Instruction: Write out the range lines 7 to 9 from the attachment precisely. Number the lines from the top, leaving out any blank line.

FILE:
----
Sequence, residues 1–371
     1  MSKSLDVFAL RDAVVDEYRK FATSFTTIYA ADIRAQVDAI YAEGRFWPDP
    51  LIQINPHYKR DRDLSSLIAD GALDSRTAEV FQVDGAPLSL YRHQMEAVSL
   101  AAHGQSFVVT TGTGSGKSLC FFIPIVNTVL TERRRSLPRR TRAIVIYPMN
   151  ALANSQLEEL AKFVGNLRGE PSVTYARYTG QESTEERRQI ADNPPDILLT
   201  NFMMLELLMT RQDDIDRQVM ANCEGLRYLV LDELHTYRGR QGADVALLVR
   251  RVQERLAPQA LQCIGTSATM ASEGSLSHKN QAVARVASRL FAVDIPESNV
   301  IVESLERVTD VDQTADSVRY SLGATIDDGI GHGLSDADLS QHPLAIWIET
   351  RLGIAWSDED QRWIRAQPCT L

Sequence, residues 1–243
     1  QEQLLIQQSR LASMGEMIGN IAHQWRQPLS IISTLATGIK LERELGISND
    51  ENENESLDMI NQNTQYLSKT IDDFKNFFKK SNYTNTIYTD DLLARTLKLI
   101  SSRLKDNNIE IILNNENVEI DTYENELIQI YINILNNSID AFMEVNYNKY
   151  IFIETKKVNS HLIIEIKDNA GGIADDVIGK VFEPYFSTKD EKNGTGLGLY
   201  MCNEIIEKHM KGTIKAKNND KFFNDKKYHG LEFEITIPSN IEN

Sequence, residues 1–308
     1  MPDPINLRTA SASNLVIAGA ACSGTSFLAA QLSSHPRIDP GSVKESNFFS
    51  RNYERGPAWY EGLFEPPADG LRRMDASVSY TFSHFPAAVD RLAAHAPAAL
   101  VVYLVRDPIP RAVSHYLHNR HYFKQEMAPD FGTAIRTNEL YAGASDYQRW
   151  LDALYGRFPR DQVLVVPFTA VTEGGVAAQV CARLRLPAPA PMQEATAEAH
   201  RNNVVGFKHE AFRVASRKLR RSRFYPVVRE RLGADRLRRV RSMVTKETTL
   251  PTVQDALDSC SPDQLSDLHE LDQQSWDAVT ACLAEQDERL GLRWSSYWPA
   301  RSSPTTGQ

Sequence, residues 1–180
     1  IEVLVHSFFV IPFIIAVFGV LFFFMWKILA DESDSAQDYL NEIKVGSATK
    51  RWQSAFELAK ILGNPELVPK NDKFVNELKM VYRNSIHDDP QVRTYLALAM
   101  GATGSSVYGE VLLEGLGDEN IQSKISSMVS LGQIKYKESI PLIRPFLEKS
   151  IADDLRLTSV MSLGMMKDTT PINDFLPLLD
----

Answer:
   251  RVQERLAPQA LQCIGTSATM ASEGSLSHKN QAVARVASRL FAVDIPESNV
   301  IVESLERVTD VDQTADSVRY SLGATIDDGI GHGLSDADLS QHPLAIWIET
   351  RLGIAWSDED QRWIRAQPCT L